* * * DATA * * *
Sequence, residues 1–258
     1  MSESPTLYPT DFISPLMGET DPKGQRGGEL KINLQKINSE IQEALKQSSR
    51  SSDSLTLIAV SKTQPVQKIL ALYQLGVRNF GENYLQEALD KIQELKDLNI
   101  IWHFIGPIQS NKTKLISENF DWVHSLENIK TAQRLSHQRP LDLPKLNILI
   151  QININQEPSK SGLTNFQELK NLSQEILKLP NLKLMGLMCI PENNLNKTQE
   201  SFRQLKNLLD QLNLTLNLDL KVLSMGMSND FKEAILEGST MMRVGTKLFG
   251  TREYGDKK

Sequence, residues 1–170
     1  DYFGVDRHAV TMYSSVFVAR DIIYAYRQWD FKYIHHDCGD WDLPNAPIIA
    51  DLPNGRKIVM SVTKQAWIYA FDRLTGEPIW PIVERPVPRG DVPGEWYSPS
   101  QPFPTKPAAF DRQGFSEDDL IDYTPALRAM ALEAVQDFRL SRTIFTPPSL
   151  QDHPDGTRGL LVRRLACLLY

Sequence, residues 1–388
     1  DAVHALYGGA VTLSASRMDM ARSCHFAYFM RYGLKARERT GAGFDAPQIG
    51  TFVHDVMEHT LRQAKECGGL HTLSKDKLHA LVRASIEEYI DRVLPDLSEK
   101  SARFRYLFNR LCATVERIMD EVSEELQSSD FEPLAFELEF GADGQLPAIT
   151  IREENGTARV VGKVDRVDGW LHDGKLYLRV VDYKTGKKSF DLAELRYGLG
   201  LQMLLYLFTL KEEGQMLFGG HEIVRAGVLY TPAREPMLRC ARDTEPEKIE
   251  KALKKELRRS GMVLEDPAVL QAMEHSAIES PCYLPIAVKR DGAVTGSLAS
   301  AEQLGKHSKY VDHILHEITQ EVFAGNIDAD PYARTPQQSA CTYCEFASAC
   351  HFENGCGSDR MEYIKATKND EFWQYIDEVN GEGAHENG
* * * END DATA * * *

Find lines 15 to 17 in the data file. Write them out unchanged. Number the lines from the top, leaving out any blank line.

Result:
    51  TFVHDVMEHT LRQAKECGGL HTLSKDKLHA LVRASIEEYI DRVLPDLSEK
   101  SARFRYLFNR LCATVERIMD EVSEELQSSD FEPLAFELEF GADGQLPAIT
   151  IREENGTARV VGKVDRVDGW LHDGKLYLRV VDYKTGKKSF DLAELRYGLG